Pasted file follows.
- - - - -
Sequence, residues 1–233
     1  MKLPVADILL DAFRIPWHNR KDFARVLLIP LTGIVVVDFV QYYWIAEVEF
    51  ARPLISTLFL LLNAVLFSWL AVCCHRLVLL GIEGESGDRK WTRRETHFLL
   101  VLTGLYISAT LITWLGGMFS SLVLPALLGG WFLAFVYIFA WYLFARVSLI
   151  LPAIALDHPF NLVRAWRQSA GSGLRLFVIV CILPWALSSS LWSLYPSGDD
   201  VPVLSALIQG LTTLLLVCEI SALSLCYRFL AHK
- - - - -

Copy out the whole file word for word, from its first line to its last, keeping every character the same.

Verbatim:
Sequence, residues 1–233
     1  MKLPVADILL DAFRIPWHNR KDFARVLLIP LTGIVVVDFV QYYWIAEVEF
    51  ARPLISTLFL LLNAVLFSWL AVCCHRLVLL GIEGESGDRK WTRRETHFLL
   101  VLTGLYISAT LITWLGGMFS SLVLPALLGG WFLAFVYIFA WYLFARVSLI
   151  LPAIALDHPF NLVRAWRQSA GSGLRLFVIV CILPWALSSS LWSLYPSGDD
   201  VPVLSALIQG LTTLLLVCEI SALSLCYRFL AHK